A third area of research that Geringer is excited about is studying emerging innovation networks in academia.
“We are currently researching innovation networks in Europe – how networks emerge and evolve both within individual universities and particularly within networks of universities. This is such a fun line of research!” Geringer asserts.
“Today, we are seeing more and more integration across regions and institutions. I believe organizations like Aalto EE are exactly what we need to address key problems and opportunities. The Aalto EE model is a great example of how to deliver value for students, businesses, and future leaders. It’s not just what we teach, it’s how we deliver the information,” he underlines.
Looking forward to the next 25 years with Aalto EE
Geringer characterizes teaching at Aalto EE as highly enjoyable. He has taught for example venture capital, strategic alliances, M&A, and business strategy projects at various Aalto EE locations, including Singapore, Beijing and Helsinki.
Geringer says his favorite thing about teaching is transforming how someone sees the world.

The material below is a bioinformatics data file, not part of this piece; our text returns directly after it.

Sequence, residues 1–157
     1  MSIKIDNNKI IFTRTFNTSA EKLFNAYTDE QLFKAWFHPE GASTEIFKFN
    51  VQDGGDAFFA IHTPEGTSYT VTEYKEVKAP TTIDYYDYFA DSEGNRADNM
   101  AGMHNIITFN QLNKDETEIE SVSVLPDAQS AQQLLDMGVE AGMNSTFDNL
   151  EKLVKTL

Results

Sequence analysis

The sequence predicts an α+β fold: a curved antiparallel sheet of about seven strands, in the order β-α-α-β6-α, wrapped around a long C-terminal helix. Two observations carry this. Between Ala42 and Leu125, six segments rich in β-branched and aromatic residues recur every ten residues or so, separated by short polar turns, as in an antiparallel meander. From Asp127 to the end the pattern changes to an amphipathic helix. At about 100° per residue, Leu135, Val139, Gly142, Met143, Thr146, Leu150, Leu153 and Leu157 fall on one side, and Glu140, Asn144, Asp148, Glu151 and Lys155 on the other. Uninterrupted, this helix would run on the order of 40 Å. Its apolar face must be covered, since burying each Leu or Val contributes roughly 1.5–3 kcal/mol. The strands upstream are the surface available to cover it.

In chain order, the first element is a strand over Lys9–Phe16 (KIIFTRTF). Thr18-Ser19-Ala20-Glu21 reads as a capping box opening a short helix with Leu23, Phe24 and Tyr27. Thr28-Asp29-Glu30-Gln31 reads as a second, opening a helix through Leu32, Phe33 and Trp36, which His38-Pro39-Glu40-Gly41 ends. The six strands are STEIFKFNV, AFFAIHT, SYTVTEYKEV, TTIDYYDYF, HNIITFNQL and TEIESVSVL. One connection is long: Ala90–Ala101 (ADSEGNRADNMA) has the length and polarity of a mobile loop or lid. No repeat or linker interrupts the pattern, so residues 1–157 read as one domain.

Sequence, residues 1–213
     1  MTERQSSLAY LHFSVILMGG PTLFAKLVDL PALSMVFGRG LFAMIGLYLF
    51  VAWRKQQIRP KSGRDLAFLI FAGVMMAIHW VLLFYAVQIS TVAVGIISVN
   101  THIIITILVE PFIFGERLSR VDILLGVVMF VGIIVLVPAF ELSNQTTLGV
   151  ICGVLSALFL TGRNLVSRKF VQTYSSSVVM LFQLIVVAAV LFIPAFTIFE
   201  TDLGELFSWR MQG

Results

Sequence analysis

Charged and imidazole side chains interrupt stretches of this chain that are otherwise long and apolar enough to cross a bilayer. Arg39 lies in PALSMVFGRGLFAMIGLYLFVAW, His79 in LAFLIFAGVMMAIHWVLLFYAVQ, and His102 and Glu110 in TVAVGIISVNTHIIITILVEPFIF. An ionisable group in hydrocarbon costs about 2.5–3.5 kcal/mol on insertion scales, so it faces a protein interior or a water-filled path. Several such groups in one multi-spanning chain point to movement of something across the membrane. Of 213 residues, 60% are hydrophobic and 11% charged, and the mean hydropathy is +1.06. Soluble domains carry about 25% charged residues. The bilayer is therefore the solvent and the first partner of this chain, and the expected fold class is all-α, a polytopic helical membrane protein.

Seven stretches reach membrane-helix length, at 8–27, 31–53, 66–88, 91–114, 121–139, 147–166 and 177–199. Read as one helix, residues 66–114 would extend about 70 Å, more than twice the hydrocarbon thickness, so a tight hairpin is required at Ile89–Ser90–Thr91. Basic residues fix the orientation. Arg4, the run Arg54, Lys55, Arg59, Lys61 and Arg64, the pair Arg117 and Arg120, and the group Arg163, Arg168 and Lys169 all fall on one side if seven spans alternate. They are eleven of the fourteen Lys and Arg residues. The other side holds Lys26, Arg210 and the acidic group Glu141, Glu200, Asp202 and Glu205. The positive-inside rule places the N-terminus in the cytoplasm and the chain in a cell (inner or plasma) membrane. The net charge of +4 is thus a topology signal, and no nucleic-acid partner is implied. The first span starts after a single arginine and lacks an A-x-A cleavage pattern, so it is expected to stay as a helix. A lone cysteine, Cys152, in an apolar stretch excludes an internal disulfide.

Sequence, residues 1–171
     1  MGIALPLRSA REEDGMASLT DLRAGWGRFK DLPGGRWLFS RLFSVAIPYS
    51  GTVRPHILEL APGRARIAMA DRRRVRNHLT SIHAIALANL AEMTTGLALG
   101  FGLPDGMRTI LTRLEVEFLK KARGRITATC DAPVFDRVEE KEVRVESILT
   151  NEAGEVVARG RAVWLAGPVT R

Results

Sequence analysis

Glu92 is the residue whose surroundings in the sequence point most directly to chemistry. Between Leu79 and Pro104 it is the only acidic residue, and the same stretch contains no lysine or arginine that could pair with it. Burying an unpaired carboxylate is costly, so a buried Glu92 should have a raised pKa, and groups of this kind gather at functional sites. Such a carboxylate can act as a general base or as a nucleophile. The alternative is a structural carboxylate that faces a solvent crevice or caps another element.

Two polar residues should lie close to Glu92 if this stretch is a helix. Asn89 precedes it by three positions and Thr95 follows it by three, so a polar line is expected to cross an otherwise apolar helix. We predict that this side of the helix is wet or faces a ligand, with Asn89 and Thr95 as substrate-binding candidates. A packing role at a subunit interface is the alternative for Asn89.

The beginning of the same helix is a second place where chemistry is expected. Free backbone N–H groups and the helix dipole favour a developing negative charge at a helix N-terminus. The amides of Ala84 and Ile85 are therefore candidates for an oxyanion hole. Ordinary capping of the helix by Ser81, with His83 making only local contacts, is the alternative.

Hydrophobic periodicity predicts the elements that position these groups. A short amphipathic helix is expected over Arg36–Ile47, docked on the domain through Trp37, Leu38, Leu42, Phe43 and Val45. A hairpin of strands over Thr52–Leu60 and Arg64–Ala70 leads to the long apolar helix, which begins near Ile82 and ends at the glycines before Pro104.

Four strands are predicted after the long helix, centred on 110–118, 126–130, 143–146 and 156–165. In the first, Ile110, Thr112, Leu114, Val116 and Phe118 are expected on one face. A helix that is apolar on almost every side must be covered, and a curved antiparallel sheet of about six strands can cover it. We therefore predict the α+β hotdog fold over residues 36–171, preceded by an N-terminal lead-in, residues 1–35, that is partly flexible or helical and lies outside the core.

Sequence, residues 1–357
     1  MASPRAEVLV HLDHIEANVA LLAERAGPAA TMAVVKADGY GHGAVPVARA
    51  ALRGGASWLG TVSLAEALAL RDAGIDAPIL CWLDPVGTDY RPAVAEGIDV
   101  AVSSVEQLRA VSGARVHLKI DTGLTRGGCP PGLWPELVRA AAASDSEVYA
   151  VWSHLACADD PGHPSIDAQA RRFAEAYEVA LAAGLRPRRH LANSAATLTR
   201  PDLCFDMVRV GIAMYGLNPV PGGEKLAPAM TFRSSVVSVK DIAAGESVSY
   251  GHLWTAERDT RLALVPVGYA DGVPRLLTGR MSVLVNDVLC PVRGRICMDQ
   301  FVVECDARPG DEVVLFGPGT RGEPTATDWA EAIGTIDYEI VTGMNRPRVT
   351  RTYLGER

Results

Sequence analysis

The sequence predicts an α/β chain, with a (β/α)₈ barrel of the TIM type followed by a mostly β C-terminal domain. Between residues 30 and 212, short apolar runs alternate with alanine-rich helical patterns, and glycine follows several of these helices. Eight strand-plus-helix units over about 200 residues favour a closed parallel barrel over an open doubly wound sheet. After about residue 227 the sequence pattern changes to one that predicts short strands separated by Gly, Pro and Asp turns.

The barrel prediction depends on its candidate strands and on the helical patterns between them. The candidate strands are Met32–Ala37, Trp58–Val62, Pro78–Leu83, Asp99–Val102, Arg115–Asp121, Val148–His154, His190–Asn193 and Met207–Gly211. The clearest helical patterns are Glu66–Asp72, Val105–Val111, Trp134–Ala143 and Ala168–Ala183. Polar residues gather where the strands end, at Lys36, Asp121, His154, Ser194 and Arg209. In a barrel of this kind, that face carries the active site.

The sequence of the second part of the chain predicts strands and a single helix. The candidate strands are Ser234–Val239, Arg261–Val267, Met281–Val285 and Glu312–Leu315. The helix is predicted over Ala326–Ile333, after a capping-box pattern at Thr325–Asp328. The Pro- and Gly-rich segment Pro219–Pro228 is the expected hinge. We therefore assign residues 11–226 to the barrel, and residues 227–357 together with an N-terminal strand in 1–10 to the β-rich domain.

“The excitement when the proverbial lightbulb goes on! It is a wonderful thing to see. I feel that if you are not out in the field consulting and teaching, it is really easy to fall into old models of how things used to be, and that ivory tower trap that I think many academics are stuck in,” he ponders.
“I have such a rewarding job; I feel grateful for it every day. I’ve lived all around the world: Africa, Australia, Asia – and while I am back in the U.S. now, I travel internationally at least once a month. I am constantly forced out of my comfort zone, learning about new industries and countries, and meeting new people. It’s a fantastic life,” he affirms.
When asked about his future plans, Geringer laughs and says that he plans on teaching, consulting and conducting research for a long time still.
“My father is 95. He reads three books a week and goes to the gym every day. I had an aunt that lived to 115. A few years ago, I had a wakeup call. I had a major concussion that prevented me from travelling and working for a while. I am back 100% now, and that experience made me realize just how fortunate I am, doing what I love. I am looking forward to the next 25 years with Aalto EE and seeing where the organization grows from here,” Geringer says.
This story is part of Aalto EMBA 30 years series. You can find the other stories of the series below. Read more about Aalto Executive MBA.